"I find hope in the work of long-established groups such as the Arms Control Association...[and] I find hope in younger anti-nuclear activists and the movement around the world to formally ban the bomb."

– Vincent Intondi
Professor of History, Montgomery College
July 1, 2020
Proposed U.S. Arms Export Agreements Notified to Congress from January 1, 1998 to December 31, 1998

Contact: Jeff AbramsonNon-Resident Senior Fellow for Arms Control and Conventional Arms Transfers, [email protected]

Updated: January 1999

From January 1 to December 31, 1998, the Pentagon reported to Congress $12.115 billion of proposed government-to-government conventional arms transfer agreements with seventeen countries. Sixty percent ($7.32 billion) of the proposed sales are to states in the Middle East. This total does not include the announced purchase of 80 F-16C/D fighters by the United Arab Emirates (UAE) on May 12 in a direct commercial sale valued at $5 billion. In 1997, the Pentagon notified Congress of $10.618 billion in proposed sales to eighteen countries.

Under the 1976 Arms Export Control Act, Congress must be notified of any proposed sale of : "major defense equipment," as defined on the U.S. Munitions List, that equals or exceeds $14 million; defense articles and services that are not defined as "major defense equipment" that total $50 million or more; and construction or design services amounting to or surpassing $200 million.1 Once notified, Congress has thirty calendar days (fifteen in the case of NATO members, Australia, Japan and New Zealand) to block a sale by voting a joint resolution of disapproval, though it has never exercised this authority. The United States conducts government-to-government transfers through the Foreign Military Sales (FMS) program. Not all notified sales result in final transactions.

Top 10 Recipients of Arms Deals Notified to Congress from January 1 to December 31, 1998

Total Value
$2.627 billion

64 AIM-120B Advanced Medium Range Air-to-Air Missiles (AMRAAMs) and three test missiles.

Patriot missile system equipment including three AN/MPQ-53 radar sets, three AN/MSQ-104 engagement control stations, three M983 tractors and nine M931A2 trucks.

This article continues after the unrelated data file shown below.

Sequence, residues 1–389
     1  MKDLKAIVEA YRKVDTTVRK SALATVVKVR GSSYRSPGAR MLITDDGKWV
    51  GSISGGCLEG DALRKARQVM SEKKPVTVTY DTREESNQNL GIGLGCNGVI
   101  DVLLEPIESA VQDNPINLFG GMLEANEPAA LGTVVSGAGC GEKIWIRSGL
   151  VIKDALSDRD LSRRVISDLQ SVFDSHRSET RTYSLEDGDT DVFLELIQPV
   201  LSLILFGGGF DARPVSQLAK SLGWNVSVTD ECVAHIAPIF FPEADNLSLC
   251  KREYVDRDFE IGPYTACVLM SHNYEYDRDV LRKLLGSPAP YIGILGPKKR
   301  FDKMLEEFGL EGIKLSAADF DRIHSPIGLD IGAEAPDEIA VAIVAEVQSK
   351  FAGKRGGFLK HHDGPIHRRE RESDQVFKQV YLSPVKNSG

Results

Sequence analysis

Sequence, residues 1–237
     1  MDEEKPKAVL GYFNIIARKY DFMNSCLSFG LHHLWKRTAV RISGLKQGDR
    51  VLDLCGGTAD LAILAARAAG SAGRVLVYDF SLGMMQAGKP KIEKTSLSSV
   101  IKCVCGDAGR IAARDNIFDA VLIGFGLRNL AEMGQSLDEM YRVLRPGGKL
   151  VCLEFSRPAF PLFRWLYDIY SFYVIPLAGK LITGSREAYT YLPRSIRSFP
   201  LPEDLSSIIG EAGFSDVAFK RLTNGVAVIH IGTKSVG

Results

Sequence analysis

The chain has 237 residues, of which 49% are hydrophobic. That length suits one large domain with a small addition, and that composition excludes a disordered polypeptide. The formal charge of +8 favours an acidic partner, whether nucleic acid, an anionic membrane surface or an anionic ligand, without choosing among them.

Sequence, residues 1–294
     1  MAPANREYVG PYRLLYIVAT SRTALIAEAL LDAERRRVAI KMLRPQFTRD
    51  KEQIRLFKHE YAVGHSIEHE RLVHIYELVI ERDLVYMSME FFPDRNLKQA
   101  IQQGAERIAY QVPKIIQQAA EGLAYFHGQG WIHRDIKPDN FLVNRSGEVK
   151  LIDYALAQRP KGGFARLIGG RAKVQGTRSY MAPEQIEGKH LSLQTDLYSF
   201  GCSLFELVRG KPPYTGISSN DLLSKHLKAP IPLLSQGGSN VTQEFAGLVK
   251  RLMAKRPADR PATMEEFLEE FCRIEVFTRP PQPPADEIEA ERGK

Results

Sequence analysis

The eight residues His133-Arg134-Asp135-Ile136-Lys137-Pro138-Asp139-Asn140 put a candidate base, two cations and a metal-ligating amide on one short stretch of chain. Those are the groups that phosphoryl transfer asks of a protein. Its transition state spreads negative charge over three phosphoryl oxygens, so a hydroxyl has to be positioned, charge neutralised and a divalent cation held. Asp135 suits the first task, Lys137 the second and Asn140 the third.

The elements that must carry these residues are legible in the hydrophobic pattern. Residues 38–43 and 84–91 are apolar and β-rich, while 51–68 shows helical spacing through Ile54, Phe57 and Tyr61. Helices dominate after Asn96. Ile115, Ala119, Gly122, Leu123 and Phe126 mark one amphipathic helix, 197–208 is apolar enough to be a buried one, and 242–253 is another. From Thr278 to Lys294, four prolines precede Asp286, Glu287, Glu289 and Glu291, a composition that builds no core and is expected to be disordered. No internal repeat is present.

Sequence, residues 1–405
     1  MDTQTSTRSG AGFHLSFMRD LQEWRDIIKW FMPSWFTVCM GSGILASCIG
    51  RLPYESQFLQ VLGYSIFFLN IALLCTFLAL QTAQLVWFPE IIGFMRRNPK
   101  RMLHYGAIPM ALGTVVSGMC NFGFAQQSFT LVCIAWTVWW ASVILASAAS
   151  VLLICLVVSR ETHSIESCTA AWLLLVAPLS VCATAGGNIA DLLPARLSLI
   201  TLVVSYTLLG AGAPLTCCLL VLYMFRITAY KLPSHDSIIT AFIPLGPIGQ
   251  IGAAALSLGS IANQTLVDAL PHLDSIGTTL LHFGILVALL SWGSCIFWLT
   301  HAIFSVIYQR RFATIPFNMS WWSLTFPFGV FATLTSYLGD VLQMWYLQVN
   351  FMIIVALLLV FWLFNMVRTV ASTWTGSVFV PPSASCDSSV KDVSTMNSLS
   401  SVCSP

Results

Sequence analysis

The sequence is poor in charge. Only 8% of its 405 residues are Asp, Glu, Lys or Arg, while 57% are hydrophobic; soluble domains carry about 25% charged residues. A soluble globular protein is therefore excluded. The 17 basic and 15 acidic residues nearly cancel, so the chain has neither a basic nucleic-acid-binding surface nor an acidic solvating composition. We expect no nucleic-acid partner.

16 HARPOON missiles with containers and spare and repair parts.

60 F-16C/D Block 50/52 fighters or 30 F-15I fighters.
United Arab Emirates
$2 billion
In support of the direct commercial sale of 80 F-16C/D fighters: 491 AIM-120B AMRAAMs, 267 AIM-9M ½ SIDEWINDER missiles and 80 SIDEWINDER training missiles, 163 AGM-88 High Speed Anti-Radiation (HARM) missiles, 1,163 AGM-65D/G MAVERICK missiles and 20 training missiles, 52 AGM-84 HARPOON missiles, 2,252 MK-82 and 1,231 MK-84 general purpose bombs, 462 GBU-12 PAVEWAY II and 606 GBU-24 PAVEWAY III laser guided bomb kits and other assorted bombs and munitions.
$1.602 billion

160 AGM-114KBF HELLFIRE II missiles, 88 AGM-114K1 HELLFIRE II missiles, publications and logistic support.

1,322 STINGER-RMP Block 1 International missiles including 1,286 complete missile rounds without grip stocks, 36 lot acceptance missiles and 188 gripstock control group guided missile launchers.

200 AGM-65G MAVERICK missiles, 200 GBU-24 A/B bomb kits and missile launchers.

18 Multiple Launch Rocket Systems (MLRS), 146 MLRS extended range rocket pods, 81 Army Tactical Missile System guided missiles, 11 M577 command post carriers, 162 M26 rockets, 94 SINCGARS radio systems, 60 AN/PVS-7B night vision goggles, 4 M984A1 and 24 M985 heavy expanded mobility tactical trucks.

6 new production E-2C Airborne Early Warning and Control mission systems as part of a purchase of either E-2C or C-130J airframe.

Lease/sale arrangement of 4 KIDD class guided missile destroyers, 62,000 20mm cartridges, 4,800 5"/54 projectiles, 64 anti-submarine rockets, 320 MK 36 Rapid Bloom Offboard Chaff, 32 HARPOON missiles, 48 MK 46 MOD 5 torpedoes and other related ammunition.

$1.296 billion

Three KNOX class frigates, weapons and ammunition to include one MK 15 PHALANX Close-In Weapons System (CIWS), one AN/SWG-1A HARPOON launcher, two sets of MK 36 MOD 5 Super Rapid Bloom Offboard Countermeasures decoy launching system, 1,581 rounds of 5 inch ammunition and 30,000 rounds of 20mm tungsten cartridges for CIWS.